Tetracycline staining is discoloration of the teeth as a result of exposure to tetracycline antibiotics during dental development. Depending on the circumstances of the exposure, the teeth can be yellow, brown, greenish, or gray, and may have bands or pits. This happens because the tetracycline deposits in layers of tooth enamel and becomes a permanent part of the tooth. Even if future layers of enamel cover the tetracycline, the discoloration usually shows through.
If pregnant women take tetracycline during the last half of pregnancy, the fetus can have tetracycline staining. Although babies do not have visible teeth at birth, the groundwork has already been laid in the jaw, and as the teeth develop, staining will be evident. Children who take tetracycline for childhood illnesses can also experience changes in the color of their teeth, as their teeth are still growing and developing.
The risk of tetracycline staining is a known issue, and a doctor may try to prescribe other medications, if possible, before turning to this antibiotic for a bacterial infection. If there are no other choices, the doctor will move forward with tetracycline therapy, as the aesthetic risks of the medication are not as much of a concern as damage to the patient's health. The doctor may try to keep courses short and consider the patient's previous medical history to protect the teeth as much as possible.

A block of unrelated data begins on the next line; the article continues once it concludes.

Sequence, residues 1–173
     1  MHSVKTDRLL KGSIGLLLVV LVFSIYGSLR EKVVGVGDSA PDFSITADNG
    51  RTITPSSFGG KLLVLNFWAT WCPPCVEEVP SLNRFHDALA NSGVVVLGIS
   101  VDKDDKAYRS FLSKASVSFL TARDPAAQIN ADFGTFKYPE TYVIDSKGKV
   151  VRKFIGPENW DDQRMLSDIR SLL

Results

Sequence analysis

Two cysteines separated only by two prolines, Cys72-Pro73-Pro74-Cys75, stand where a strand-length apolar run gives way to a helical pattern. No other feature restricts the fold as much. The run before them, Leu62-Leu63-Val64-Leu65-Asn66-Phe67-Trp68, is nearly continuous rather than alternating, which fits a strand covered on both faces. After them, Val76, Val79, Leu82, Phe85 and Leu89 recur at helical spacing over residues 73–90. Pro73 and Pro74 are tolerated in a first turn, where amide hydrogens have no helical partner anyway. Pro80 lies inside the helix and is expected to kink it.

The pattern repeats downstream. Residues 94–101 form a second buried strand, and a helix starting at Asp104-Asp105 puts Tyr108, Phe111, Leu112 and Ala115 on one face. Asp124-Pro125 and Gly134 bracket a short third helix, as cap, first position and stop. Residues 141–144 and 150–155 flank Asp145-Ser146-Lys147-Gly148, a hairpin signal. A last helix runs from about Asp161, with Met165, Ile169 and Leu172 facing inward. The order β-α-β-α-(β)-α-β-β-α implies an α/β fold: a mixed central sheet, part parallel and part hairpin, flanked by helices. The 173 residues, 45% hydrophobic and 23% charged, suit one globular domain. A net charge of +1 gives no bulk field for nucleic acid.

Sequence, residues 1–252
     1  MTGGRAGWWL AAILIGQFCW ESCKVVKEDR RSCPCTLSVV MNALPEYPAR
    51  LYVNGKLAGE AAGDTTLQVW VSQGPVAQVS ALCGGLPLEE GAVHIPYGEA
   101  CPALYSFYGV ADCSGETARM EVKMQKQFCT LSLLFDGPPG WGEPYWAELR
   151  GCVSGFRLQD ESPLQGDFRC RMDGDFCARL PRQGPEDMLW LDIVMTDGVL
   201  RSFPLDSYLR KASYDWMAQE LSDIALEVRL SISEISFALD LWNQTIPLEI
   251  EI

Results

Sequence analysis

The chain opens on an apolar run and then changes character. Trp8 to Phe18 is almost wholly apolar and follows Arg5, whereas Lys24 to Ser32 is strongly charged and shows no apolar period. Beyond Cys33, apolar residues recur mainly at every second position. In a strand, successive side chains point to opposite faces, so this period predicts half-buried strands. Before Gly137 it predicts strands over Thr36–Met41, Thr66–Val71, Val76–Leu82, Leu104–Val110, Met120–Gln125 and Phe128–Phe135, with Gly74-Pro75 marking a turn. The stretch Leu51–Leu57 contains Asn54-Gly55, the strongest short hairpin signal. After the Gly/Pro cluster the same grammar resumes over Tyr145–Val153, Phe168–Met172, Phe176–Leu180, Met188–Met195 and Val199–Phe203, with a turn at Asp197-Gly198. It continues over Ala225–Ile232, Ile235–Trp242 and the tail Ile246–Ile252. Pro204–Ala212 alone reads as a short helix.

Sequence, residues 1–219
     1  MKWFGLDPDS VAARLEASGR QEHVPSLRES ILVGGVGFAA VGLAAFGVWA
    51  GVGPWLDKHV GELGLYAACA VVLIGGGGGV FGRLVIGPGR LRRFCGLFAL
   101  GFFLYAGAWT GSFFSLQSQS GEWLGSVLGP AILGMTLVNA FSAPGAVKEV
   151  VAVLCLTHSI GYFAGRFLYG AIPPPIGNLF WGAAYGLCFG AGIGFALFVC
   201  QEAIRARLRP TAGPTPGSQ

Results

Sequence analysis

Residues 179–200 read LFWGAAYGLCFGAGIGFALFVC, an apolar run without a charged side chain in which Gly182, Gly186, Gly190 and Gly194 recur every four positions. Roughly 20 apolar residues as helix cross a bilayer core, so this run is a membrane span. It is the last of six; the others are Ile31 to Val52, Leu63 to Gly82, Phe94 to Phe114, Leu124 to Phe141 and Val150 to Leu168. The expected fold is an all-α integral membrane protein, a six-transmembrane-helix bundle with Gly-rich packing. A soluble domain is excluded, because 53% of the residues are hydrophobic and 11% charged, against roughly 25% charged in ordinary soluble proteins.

People with stained teeth have a number of options for addressing the discoloration if it is a problem. One is to bleach the teeth. Tetracycline staining will respond to whitening treatments, although several treatments are necessary and the patient's teeth may always have clouds or shadows. One advantage to bleaching is cost effectiveness and the ability to do it at home. People who do not have very much money may try this at home first to see if it resolves the problem or lightens the discoloration enough to make it hard to notice.
Other patients may consider veneers. Veneers can cap the teeth and change their shape, if the patient also has concerns about chips and other problems with the teeth. For tetracycline staining, veneers need to be carefully designed to make sure they totally cover the discoloration, as it is often very deep and can persist through thin or poorly made coverings. A cosmetic dentist can evaluate a patient and provide recommendations on the basis of the level of damage and the patient's budget.